Acceptance Test Driven Development (ATDD) 20 Sep 10
Acceptance test driven development is an agile software development method that uses the Acceptance tests to establish when a requirement meets the client’s expectation. It is an advanced practice of the Test Driven Development method.
Acceptance tests or Customer tests are written by the client together with the developers for every requirement that is part of the specification. Whereas a requirement describes specific behaviour the client wants in the finished software, the Acceptance tests make sure that the requirement was implemented in its completeness and according to the client’s input.
As an example we can use the tried and tested password requirement:
Requirement “When a user is creating an account, he/she is required to choose an outlandishly secure password”
Acceptance Test1 Test that the password contains at least 8 characters with at least one upper case letter, a number and a symbol”
Acceptance Test2 Test that the password does not contain a word from the english dictionary”
Acceptance Test3 Test that the user receives different error messages when the password is too short, contains no upper case letter, no number or no symbol. “
In this case the Acceptance tests define now what an “outlandishly secure password” is and increase the shared understanding for this requirement. And after the tenth iteration I can make sure that these Acceptance tests still pass so I have regression testing built right in.
The many benefits of ATDD
- Acceptance Tests increase the shared understanding of a requirement because they are a product of direct interaction between the client and the developers.
- Clarifies requirements and keeps the developers focused on what the client really wants.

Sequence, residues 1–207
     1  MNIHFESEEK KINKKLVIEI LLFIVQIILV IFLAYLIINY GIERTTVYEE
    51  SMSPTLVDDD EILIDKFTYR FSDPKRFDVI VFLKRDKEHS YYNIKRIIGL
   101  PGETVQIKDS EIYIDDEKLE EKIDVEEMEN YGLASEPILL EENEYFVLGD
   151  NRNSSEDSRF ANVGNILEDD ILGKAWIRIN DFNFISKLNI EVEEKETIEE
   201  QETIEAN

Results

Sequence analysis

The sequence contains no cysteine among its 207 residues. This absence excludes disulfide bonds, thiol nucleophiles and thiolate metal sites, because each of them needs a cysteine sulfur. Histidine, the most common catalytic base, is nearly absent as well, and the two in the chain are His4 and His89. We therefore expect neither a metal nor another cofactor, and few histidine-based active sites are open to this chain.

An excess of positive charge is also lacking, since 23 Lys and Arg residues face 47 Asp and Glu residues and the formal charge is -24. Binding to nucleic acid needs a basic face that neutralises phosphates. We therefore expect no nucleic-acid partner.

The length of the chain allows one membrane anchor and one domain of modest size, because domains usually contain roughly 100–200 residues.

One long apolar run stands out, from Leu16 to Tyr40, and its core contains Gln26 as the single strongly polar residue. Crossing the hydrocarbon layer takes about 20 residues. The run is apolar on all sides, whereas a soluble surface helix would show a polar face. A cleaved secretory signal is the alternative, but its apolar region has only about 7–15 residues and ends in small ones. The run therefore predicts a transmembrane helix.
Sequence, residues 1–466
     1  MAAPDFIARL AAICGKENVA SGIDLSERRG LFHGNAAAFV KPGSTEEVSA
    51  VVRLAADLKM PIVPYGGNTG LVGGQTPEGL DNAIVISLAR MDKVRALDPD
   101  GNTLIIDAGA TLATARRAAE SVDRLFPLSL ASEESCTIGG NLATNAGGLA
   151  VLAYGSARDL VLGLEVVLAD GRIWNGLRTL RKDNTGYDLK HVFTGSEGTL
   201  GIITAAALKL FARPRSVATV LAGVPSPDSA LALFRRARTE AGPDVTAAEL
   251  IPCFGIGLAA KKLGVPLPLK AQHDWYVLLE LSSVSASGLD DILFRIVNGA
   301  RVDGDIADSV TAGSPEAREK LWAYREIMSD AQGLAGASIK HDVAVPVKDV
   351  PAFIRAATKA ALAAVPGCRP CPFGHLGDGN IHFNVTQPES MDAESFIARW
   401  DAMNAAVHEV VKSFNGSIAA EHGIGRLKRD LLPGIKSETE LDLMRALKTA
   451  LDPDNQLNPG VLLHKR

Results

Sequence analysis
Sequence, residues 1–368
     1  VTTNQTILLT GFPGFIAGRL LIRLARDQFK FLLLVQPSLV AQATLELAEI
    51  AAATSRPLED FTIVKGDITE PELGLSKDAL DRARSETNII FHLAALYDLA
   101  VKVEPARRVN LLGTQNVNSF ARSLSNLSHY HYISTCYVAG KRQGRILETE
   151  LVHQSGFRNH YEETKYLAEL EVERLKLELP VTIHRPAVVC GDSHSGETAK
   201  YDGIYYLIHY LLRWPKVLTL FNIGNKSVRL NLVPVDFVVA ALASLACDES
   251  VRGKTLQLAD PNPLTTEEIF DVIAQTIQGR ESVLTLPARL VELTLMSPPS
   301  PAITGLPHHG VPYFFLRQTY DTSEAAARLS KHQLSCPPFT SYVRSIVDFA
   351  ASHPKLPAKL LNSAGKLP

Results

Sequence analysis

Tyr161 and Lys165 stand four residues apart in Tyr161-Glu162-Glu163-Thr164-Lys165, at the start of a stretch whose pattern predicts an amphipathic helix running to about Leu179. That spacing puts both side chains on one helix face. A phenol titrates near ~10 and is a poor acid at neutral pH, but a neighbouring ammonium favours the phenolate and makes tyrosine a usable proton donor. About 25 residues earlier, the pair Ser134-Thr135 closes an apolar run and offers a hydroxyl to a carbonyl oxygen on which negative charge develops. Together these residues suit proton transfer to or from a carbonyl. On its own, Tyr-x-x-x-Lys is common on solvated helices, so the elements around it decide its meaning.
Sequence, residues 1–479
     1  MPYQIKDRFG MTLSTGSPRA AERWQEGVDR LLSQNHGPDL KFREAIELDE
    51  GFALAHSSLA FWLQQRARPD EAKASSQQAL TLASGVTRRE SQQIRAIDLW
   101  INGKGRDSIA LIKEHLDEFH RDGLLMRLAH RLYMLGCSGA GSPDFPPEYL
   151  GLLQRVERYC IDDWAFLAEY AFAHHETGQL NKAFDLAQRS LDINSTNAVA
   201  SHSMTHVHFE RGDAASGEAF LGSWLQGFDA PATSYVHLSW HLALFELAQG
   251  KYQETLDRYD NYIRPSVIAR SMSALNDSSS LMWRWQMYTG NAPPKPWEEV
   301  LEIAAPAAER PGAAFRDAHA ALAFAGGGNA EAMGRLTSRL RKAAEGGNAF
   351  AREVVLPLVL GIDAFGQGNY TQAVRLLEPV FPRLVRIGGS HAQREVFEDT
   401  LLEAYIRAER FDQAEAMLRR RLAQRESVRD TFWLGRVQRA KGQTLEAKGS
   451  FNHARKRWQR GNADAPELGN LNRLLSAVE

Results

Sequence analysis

- Drives out ambiguity if certain behaviour is ultimately a bug (behaviour violates either requirement or tests or both) or a change request (behaviour is acceptable within the scope of requirement and acceptance tests but ultimately undesirable).
- Software delivery is now dependent on all Acceptance tests passing and with that defines when a project is done.
- Percentage of passed acceptance tests/all acceptance tests acts as a project progress indicator.
- Free regression tests for the future iterations (especially if automated).
Some ATDD drawbacks
- Client interaction is needed which can prove difficult due to time constraints
- More work for the developer if tests are automated.
- Project progress might be slower due to additional effort.
There are many tools and frameworks for acceptance test automation, even some that can be used for User Interface testing. Many of them are free and open source, so the framework can be adapted to suit the project. Automating acceptance tests is highly desirable because regression testing is a hugely important step for iterative agile development methods. The immediate drawback is that this also means the developer has even more work to do because test automation is a development task in itself.
Are Unit tests not needed anymore?
Acceptance tests are no replacement for Unit tests. Unit tests must still be written by the developers to make sure that the code they are writing is performing as it should. Unit tests are written to test individual units of source code, whereas Acceptance tests are written to test several units of source code connected by some type of workflow defined by the client.
ATDD and outsourcing
ATDD is very much suited for outsourcing because its previously listed advantages address many of the issues encountered in outsourced software development. But it is important to notice that it will only work if the project is using an agile development method and can’t be shoehorned into a waterfall based development scenario of design first, development second, testing third. ATDD needs commitment from both the project owner and also the agile supplier because the real emphasis is not necessarily on the testing itself but on the increased shared understanding that is a product of the increased contact between the two parties. Including ATDD will also most likely increase the cost of the project at the start as more time is needed by the developers to write the additional tests. The real gain comes over time as the functionality of the delivered software should with every iteration be closer to what the client envisaged in the first place and therefore should reduce the need to add or refine functionality. The Acceptance tests also act as a baseline that can be consulted if a dispute about the scope should arise.